Galleon Group hedge fund founder Raj Rajaratnam, facing criminal and civil charges in a multimillion dollar insider-trading probe, won an emergency order relieving him from having to immediately turn over wiretap recordings in the civil case.
The temporary stay granted late on Thursday by U.S. Court of Appeals for the Second Circuit came two days after U.S. District Court Judge Jed Rakoff ordered Rajaratnam and co-defendant Danielle Chiesi to surrender the recordings to the U.S. Securities and Exchange Commission by February 15.
The SEC sued Galleon and a score of individuals and funds for civil fraud, on the heels of a criminal prosecution announced by the Justice Department last October.
We are very pleased that this serious issue will get the court's full consideration, said John Dowd, a partner at Akin Gump Strauss Hauer & Feld LLP representing Rajaratnam, in a statement.
A three-judge appeals court panel is likely to consider whether the defendants must turn over the evidence. A hearing date has not been set. Rakoff has set an August 2 trial date for the SEC civil case.
Rajaratnam, 52, and Chiesi, 44, a former employee of New Castle Funds LLC, were arrested in October and indicted in December on charges of securities fraud and conspiracy in what prosecutors have described as the biggest hedge fund insider-trading case in the United States.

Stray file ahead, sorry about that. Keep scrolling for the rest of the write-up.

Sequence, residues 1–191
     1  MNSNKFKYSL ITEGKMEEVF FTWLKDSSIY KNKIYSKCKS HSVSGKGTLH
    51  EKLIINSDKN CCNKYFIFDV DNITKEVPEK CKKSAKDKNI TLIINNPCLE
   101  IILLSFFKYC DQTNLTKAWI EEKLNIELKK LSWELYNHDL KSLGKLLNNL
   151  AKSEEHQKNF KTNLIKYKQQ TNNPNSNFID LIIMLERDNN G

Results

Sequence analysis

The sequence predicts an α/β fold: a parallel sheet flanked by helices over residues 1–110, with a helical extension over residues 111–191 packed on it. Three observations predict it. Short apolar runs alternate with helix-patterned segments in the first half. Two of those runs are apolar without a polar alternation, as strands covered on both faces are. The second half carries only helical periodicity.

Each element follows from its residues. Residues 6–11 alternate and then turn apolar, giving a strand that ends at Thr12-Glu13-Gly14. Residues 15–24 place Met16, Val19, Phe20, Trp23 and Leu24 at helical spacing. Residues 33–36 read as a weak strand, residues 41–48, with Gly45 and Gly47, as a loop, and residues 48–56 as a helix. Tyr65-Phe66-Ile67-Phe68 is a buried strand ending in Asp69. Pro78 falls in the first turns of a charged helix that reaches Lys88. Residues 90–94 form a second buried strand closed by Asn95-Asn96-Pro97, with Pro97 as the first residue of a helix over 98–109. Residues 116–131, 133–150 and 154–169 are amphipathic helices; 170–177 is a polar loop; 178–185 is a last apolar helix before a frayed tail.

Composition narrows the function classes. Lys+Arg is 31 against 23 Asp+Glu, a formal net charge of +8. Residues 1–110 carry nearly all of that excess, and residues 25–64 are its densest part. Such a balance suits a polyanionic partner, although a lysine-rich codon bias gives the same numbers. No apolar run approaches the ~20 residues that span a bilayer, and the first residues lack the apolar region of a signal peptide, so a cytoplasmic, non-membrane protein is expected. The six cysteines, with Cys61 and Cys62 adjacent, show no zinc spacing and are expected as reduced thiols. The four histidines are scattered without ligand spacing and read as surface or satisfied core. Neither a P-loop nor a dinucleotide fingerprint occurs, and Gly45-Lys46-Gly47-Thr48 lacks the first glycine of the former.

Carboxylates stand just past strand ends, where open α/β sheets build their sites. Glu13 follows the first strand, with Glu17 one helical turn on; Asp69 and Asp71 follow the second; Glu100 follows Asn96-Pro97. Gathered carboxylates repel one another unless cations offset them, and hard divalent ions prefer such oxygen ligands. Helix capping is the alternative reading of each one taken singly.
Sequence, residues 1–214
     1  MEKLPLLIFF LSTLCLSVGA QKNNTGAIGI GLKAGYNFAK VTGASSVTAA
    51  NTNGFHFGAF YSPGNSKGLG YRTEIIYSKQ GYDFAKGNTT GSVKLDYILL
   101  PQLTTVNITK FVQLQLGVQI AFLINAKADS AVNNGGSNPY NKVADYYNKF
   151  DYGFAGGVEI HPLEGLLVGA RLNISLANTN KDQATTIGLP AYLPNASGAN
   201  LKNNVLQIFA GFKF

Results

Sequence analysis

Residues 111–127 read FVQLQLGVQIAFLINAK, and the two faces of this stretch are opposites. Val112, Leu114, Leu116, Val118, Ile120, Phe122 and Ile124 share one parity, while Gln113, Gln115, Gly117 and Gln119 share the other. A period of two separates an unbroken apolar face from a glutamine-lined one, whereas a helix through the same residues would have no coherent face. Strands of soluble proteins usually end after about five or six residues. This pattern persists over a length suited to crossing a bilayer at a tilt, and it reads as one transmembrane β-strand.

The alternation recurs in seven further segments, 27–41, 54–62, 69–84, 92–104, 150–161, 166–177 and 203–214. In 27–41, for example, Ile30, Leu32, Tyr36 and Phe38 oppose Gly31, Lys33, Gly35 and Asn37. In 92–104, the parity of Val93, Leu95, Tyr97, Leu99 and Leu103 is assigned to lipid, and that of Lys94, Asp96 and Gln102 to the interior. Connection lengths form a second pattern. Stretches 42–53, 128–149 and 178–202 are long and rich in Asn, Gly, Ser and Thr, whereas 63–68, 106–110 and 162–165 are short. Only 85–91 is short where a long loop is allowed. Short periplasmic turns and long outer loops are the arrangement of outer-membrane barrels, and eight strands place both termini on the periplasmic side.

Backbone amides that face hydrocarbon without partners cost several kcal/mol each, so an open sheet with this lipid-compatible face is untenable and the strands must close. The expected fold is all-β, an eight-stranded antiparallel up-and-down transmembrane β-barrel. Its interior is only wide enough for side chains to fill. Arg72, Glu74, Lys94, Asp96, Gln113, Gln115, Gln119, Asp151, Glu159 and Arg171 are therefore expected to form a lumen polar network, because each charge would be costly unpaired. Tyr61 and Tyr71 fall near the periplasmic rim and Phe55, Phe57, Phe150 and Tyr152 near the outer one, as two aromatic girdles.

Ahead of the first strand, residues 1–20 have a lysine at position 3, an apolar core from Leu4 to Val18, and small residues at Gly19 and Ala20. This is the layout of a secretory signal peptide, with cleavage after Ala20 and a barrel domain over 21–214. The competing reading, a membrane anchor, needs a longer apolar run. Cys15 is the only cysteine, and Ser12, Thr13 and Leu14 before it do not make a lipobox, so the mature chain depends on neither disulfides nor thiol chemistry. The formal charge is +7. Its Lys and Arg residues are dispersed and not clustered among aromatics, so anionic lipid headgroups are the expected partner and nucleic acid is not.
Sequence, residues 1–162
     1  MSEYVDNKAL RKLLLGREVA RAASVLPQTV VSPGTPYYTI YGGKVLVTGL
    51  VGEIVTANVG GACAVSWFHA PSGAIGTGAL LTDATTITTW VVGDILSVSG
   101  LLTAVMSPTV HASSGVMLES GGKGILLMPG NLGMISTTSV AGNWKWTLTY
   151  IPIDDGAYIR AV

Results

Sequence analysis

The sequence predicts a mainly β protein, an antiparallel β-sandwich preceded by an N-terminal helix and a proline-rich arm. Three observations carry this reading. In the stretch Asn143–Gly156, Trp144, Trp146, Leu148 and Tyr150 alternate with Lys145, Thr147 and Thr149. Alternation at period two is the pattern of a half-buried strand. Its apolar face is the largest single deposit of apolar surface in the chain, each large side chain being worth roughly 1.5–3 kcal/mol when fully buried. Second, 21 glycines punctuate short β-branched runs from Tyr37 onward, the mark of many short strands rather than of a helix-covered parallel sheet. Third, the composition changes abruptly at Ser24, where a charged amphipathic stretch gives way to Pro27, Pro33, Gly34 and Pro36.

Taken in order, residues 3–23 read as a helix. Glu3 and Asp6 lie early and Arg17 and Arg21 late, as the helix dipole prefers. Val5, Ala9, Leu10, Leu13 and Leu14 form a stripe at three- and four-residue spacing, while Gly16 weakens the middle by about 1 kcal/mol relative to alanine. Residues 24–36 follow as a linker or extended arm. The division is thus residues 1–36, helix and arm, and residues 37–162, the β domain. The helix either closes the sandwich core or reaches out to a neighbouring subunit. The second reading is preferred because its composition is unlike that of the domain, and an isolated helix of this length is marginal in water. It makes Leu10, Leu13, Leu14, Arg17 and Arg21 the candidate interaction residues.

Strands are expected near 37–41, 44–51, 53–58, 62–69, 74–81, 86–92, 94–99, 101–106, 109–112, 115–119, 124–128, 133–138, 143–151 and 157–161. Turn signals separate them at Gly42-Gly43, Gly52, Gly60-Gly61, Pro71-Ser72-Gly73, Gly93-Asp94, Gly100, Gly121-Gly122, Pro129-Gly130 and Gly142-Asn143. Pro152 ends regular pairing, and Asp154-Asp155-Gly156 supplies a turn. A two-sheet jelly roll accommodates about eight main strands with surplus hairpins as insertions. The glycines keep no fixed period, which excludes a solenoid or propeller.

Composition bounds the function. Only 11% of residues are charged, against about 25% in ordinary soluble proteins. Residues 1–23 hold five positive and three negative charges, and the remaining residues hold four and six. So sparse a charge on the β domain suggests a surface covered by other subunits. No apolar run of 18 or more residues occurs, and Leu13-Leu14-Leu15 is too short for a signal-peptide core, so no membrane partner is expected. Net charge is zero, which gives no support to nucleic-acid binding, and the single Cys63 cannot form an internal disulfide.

The case later grew, and ultimately more than 20 traders, lawyers and executives were criminally or civilly charged.
Some were employees of well-known U.S. companies such as International Business Machines Corp
Thousands of wiretaps were made in the criminal probe between 2003 and 2009 involving Wall Street and Silicon Valley firms, but defense lawyers and the SEC have been tussling over their use in the parallel civil fraud case.
Rajaratnam's lawyers said in a brief to the appeals court that Rakoff's order contravenes the plain text of the wiretap statute and disregards strict limitations and privacy protections that the law provides.
A superseding indictment on Tuesday consolidated charges against Rajaratnam and Chiesi, after a series of guilty pleas by some of their friends and associates.
In all, nine of the accused have pleaded guilty and eight of those are cooperating with investigators.
Rajaratnam and Chiesi are accused of making up to $49 million in illegal profits after using tips from insiders to trade on mostly tech stocks.
The stocks included: IBM, Intel, Akamai Technologies Inc
The case is SEC v Galleon Management et al, U.S. District Court for the Southern District of New York, No. 09-08811.
(Reporting by Grant McCool; editing by Leslie Gevirtz and Andre Grenon)